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This section describes a typical work-session using CVS. It assumes that a repository is set up (see section The Repository).
Suppose you are working on a simple compiler. The source consists of a handful of C files and a `Makefile'. The compiler is called `tc' (Trivial Compiler), and the repository is set up so that there is a module called `tc'.
The first thing you must do is to get your own working copy of the
source for `tc'. For this, you use the
$ cvs checkout tc
This will create a new directory called `tc' and populate it with the source files.
$ cd tc $ ls tc CVS Makefile backend.c driver.c frontend.c parser.c
The `CVS' directory is used internally by CVS. Normally, you should not modify or remove any of the files in it.
You start your favorite editor, hack away at `backend.c', and a couple of hours later you have added an optimization pass to the compiler. A note to RCS and SCCS users: There is no need to lock the files that you want to edit. See section Multiple developers for an explanation.
When you have checked that the compiler is still compilable you decide to make a new version of `backend.c'.
$ cvs commit backend.c
CVS starts an editor, to allow you to enter a log message. You type in "Added an optimization pass.", save the temporary file, and exit the editor.
The environment variable
which editor is started. If
$CVSEDITOR is not
set, then if the environment variable
set, it will be used. If both
$EDITOR are not set then the editor defaults to
vi. If you want to avoid the overhead of
starting an editor you can specify the log message on
the command line using the `-m' flag instead, like
$ cvs commit -m "Added an optimization pass" backend.c
Before you turn to other tasks you decide to remove your working copy of tc. One acceptable way to do that is of course
$ cd .. $ rm -r tc
but a better way is to use the
release command (see section release--Indicate that a Module is no longer in use):
$ cd .. $ cvs release -d tc M driver.c ? tc You have  altered files in this repository. Are you sure you want to release (and delete) module `tc': n ** `release' aborted by user choice.
release command checks that all your modifications have been
committed. If history logging is enabled it also makes a note in the
history file. See section The history file.
When you use the `-d' flag with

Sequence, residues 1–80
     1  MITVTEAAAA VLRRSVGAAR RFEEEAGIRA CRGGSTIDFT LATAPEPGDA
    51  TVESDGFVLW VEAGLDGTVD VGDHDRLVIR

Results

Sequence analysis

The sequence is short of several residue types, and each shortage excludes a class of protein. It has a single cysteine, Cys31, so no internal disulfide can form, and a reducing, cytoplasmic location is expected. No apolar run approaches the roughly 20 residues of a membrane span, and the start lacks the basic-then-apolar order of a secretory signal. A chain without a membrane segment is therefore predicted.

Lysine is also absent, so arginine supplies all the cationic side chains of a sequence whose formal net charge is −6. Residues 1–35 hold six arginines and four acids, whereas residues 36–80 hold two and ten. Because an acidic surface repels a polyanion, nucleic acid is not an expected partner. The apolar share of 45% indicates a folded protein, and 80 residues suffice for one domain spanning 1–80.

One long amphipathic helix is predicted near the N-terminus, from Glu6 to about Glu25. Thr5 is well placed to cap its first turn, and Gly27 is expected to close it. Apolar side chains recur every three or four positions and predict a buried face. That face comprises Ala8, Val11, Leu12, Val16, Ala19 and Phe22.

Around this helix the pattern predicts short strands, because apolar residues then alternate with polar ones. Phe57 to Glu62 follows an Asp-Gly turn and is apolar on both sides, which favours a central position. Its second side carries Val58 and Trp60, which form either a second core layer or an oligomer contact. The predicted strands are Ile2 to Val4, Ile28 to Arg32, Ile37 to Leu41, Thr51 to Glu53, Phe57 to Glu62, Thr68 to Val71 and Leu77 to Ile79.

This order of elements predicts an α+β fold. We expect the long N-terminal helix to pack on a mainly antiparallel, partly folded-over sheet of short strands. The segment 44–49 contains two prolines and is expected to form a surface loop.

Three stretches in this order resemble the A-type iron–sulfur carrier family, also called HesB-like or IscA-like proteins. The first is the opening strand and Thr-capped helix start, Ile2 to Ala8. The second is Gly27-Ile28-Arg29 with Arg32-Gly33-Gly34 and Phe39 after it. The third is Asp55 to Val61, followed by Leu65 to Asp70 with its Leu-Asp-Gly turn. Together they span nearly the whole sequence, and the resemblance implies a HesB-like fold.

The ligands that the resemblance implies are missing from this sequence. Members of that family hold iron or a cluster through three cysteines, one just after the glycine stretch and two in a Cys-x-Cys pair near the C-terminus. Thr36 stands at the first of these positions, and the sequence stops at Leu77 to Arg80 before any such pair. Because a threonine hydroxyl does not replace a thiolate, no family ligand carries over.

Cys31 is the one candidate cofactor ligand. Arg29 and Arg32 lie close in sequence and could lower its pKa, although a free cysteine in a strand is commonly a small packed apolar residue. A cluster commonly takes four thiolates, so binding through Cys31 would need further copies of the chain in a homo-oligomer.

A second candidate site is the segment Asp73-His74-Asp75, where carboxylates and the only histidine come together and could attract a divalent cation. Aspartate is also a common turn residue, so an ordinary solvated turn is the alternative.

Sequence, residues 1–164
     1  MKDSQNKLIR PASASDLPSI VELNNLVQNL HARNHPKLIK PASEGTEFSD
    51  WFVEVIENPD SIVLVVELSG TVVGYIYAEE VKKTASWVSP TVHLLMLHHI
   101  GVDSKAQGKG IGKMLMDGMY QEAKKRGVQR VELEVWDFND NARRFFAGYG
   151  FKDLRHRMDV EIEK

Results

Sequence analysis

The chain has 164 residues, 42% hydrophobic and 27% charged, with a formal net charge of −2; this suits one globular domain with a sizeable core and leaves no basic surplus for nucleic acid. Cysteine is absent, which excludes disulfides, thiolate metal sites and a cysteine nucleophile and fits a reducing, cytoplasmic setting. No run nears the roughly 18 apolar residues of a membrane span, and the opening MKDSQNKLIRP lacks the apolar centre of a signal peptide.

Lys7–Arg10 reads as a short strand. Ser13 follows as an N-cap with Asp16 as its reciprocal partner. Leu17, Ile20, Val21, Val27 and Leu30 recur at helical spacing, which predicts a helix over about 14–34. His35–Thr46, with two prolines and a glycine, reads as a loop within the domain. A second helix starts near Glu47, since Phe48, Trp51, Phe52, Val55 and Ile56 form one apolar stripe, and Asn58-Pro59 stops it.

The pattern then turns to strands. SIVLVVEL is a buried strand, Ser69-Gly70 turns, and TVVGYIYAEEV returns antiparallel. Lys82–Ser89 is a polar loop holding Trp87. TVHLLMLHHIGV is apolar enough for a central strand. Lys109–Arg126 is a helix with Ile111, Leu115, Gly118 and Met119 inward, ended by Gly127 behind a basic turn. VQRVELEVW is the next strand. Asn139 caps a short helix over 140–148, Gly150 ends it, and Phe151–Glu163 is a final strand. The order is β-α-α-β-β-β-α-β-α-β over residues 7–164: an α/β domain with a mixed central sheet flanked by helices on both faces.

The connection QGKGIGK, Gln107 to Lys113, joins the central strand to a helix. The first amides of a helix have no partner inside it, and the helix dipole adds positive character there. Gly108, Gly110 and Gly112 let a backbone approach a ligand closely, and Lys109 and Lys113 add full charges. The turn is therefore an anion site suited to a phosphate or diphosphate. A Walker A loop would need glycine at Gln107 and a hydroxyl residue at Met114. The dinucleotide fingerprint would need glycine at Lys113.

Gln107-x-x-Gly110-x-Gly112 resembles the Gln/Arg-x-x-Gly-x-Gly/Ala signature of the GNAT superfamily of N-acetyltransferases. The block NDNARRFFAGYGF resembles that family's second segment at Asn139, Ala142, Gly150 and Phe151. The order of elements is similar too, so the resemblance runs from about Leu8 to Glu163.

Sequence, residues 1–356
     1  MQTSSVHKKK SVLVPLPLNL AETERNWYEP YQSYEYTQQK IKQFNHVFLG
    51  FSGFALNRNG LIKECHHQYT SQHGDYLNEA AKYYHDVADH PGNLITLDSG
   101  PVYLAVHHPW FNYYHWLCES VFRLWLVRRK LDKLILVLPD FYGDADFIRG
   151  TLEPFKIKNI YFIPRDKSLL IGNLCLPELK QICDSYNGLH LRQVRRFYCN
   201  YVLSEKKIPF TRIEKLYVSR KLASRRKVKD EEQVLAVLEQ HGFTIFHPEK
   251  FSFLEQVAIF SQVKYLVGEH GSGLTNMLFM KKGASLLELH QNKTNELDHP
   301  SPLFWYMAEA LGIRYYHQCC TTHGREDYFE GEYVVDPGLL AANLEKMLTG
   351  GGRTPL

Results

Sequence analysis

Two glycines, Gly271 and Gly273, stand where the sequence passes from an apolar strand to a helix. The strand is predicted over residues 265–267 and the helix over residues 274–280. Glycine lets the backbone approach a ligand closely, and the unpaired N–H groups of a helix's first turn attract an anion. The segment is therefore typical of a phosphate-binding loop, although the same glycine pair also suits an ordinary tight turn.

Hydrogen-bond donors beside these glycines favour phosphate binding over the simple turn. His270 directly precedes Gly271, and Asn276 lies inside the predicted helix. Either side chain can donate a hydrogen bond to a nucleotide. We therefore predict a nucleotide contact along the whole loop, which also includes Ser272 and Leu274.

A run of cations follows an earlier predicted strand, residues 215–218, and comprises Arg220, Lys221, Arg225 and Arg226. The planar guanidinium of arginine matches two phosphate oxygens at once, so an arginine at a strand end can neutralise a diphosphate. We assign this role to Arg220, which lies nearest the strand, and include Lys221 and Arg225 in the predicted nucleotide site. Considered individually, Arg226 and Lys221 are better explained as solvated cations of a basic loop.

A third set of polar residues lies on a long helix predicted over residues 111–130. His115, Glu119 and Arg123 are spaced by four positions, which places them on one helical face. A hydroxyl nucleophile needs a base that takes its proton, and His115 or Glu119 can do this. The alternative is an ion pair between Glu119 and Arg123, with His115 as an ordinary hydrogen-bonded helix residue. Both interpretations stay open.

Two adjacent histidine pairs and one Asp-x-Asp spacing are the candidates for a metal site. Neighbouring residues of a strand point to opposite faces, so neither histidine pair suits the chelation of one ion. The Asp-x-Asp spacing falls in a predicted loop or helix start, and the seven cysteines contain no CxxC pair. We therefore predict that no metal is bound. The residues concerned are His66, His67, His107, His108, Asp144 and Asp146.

also removes your working copy.
In the example above, the
release command wrote a couple of lines
of output. `? tc' means that the file `tc' is unknown to CVS.
That is nothing to worry about: `tc' is the executable compiler,
and it should not be stored in the repository. See section Ignoring files via cvsignore,
for information about how to make that warning go away.
See section release output, for a complete explanation of
all possible output from
`M driver.c' is more serious. It means that the file `driver.c' has been modified since it was checked out.
release command always finishes by telling
you how many modified files you have in your working
copy of the sources, and then asks you for confirmation
before deleting any files or making any note in the
You decide to play it safe and answer n RET
release asks for confirmation.
You do not remember modifying `driver.c', so you want to see what has happened to that file.
$ cd tc $ cvs diff driver.c
This command runs
diff to compare the version of `driver.c'
that you checked out with your working copy. When you see the output
you remember that you added a command line option that enabled the
optimization pass. You check it in, and release the module.
$ cvs commit -m "Added an optimization pass" driver.c Checking in driver.c; /usr/local/cvsroot/tc/driver.c,v <-- driver.c new revision: 1.2; previous revision: 1.1 done $ cd .. $ cvs release -d tc ? tc You have  altered files in this repository. Are you sure you want to release (and delete) module `tc': y
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